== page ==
Transfer Learning is the technology behind Microsoft’s Custom Vision service, which enables the creation of custom vision models with an extremely modest amount of training data.

However, this is just the tip of the technology’s iceberg.

Transfer learning is the reuse of a pre-trained model on a new problem. It’s currently very popular in deep learning because it can train deep neural networks with comparatively little data. This is very useful since most real-world problems typically do not have millions of labeled data points to […]

Transfer learning is a statistical technique that’s been getting more attention lately that enables you to reuse a model for a different task than what it was trained for. In this episode, Siraj Raval shows you how to use transfer learning to predict instances of gold deposits using publicly available satellite imagery.

I’m glad to see that the Azure Custom Vision Service is getting some press. It’s an easy and simple way to build your own computer vision models without having to train on thousands (or tens of thousands) of images. In fact, as little as 15 images can yield workable results.

Here’s an article in www.itbusiness.ca about the service.

“Customers can train their own custom image classifiers and object detectors,” said Tina Coll, the product marketing manager at Microsoft Corp. “For example, a company could choose to detect their own logo in the video of a sports event to track the impact of their advertising or a student might want to count the number of animals passing in front of a nature camera.”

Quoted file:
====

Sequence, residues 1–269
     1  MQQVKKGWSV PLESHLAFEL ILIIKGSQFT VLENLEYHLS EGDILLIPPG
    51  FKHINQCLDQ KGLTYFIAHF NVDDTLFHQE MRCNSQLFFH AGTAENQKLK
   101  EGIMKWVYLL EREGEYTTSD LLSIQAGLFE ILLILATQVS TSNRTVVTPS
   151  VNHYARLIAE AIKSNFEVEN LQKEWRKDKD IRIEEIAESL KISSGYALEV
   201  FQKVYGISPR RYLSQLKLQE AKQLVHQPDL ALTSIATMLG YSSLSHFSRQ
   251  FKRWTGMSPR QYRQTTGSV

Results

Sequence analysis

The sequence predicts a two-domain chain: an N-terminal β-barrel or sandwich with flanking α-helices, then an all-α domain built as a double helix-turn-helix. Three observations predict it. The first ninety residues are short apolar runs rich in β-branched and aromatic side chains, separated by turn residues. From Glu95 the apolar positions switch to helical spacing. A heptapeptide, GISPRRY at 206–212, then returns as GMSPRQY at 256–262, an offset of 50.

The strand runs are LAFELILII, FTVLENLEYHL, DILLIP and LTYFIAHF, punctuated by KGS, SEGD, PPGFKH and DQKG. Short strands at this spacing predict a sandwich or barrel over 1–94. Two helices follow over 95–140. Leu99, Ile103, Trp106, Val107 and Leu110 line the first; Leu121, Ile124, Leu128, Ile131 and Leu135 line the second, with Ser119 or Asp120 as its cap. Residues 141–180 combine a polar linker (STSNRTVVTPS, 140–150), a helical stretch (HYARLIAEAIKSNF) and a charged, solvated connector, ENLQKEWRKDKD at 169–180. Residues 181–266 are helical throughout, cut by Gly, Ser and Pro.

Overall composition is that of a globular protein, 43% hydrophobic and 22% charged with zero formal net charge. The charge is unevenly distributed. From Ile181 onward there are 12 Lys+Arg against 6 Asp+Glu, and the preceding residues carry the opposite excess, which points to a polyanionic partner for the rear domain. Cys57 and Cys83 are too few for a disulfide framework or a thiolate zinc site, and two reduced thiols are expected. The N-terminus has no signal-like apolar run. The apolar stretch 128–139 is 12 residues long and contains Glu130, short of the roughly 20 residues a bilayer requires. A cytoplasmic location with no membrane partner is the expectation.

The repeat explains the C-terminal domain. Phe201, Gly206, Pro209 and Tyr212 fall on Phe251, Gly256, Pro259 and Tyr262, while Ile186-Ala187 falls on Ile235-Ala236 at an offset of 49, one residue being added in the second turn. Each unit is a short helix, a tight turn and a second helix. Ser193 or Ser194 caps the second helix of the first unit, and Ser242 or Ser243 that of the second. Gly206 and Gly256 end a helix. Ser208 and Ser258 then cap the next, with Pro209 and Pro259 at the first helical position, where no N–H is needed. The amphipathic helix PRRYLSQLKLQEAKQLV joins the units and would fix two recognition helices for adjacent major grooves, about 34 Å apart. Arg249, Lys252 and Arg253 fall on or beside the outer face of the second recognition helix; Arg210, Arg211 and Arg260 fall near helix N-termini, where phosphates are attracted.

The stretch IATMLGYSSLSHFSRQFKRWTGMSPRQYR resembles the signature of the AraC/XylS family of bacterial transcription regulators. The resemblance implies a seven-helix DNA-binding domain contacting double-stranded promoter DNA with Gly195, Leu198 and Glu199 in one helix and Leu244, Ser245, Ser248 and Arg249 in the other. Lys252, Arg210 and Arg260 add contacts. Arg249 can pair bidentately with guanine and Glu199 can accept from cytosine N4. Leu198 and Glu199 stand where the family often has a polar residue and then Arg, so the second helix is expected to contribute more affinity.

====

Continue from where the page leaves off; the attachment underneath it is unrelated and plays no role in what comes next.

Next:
Angel Wong demonstrates the AP2 (AutoPilot V2) features of her new Tesla 3. It’s not quite autonomous driving, but it is really close. I wonder how long it will be before consumers will come to expect this feature on all new cars.

Of particular interest to me is the “training period” where Autopilot is not available as the car is learning about your normal environment and your driving habits. Sounds a bit like a little transfer learning is going on.

By leveraging powerful prior knowledge about how the world works, humans can quickly figure out efficient strategies in new and unseen environments.

Currently, even state-of-the-art Reinforcement Learning algorithms typically don’t have strong priors and this is one of the fundamental challenges in current research on Transfer Learning.

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